Apart from Zipingpu, hundreds of dams built on the Min, Tuo, Fu and Jialing rivers and their tributaries were seriously damaged by last year’s earthquake; 60 percent of the medium and small hydropower stations along these rivers are beyond repair.

In the Min basin alone, as many as 130 hydropower stations (excluding Zipingpu) were seriously damaged by last year’s earthquake. The Yingxiuwan, Taipingyi, Futang and Yuzixi hydro stations were nearly destroyed, resulting in a direct economic loss of 15.1 billion yuan [US$2.2 billion]. In all of Sichuan province, about 470 hydro dams (with a total generating capacity of 3,300 MW) were damaged; 85,377 electric poles or towers collapsed, and 31,969 kilometres of long distance power lines were broken.

In addition, dozens of high dams are newly-built or under construction on major fault belts in Sichuan and Yunnan provinces:

<!–[if !supportLists]–>§         <!–[endif]–>In Sichuan province, the Pubugou dam on the Dadu River [Yangtze tributary], with a dam height of 186 metres and a storage capacity of 5.39 billion cubic metres, is being built on the Xianshuihe Fault Belt, which criss-crosses the Dadu River. To make the situation worse, dozens more dams are under construction upstream and downstream of Pubugou.

<!–[if !supportLists]–>§         <!–[endif]–>On the Yalong River [Yangtze tributary], the Jinping 1 and Jinping 2 dams, completed in December 2006 and November 2008, respectively, are situated in a geologically complicated zone where two fault belts – the Muli Fault Belt and Daocheng-Jianchuan Fault Belt come together. Based on historical records, several powerful earthquakes have occurred in the area within the last few hundred years. Yet more high dams and big reservoirs are planned and under construction in the Yalong valley, without any seismic risk assessments.

  • On the middle and lower reaches of the Jinsha River, a 13-dam cascade is  planned for below Shigu town in Yunnan province, on or near three major fault belts: Xiaojiang, Anninghe, and Luyejiang.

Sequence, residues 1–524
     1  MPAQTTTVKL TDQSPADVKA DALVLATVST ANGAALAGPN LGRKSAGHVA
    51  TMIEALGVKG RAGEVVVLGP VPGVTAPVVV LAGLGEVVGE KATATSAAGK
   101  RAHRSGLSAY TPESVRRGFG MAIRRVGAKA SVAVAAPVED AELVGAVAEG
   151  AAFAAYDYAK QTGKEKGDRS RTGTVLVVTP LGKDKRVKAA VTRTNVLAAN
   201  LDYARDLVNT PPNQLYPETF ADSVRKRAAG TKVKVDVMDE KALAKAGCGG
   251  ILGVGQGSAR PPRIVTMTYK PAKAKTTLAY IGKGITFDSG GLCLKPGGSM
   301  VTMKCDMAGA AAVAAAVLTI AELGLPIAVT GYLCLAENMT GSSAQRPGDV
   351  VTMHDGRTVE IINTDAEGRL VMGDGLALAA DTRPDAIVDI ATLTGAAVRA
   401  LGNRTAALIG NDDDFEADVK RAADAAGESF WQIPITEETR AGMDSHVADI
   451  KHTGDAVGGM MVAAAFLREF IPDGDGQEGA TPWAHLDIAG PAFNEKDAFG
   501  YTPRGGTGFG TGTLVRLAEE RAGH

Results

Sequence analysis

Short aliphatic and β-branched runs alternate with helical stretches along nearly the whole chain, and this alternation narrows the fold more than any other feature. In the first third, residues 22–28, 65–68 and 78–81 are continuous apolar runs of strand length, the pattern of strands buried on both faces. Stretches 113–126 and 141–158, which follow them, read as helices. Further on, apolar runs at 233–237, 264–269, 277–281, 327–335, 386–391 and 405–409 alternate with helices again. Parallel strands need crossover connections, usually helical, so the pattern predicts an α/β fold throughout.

• Upstream of the Tiger Leaping Gorge in Yunnan province, four large hydro dams: Xiangjiaba, Xiluodu, Baihetan and Wudongde, are part of an 8-dam cascade planned for the upper Jinsha River on two fault belts: Dongchuan-Songming and Mabian-Zhaotong.
  • On the Yangtze mainstream, four high dams are planned or already in operation within seismically-active zones containing at least three fault belts: Xiaojiang, Anninghe, and Luyejiang.  These dams are Shipeng (planned), Xiaonanhai (under construction), Three Gorges (nearly completed) and Gezhouba (completed).
  • On the Lancang [upper Mekong] river, a 13-dam cascade with a total storage capacity of 51.53 billion cubic metres is under construction in a seismically active area containing the Lancang fault belt.
  • On the Nu [upper Salween] river, a 13-dam cascade with a total generating capacity of 21,320 MW is planned in a seismically active area containing the Nu fault belt.

From a geological perspective, the design and scale of all these dams under construction makes them truly dangerous.  Concern is growing within China about the effects of so many dams in such geologically complicated areas. Many geologists admit that there is a lack of basic research and study of important geological issues in China, including active fault belts, seismic activity, and geological stresses. As an example, there has been no systematic study of the geotectonic conditions and main faults along the upper reaches of the Min River and the Longmenshan Fault Belt in particular. Such studies are needed to better understand how various factors affect change in geological stress before building so many high dams and deep reservoirs in southwest China.

The problem of sediment build-up in southwestern China’s rivers and reservoirs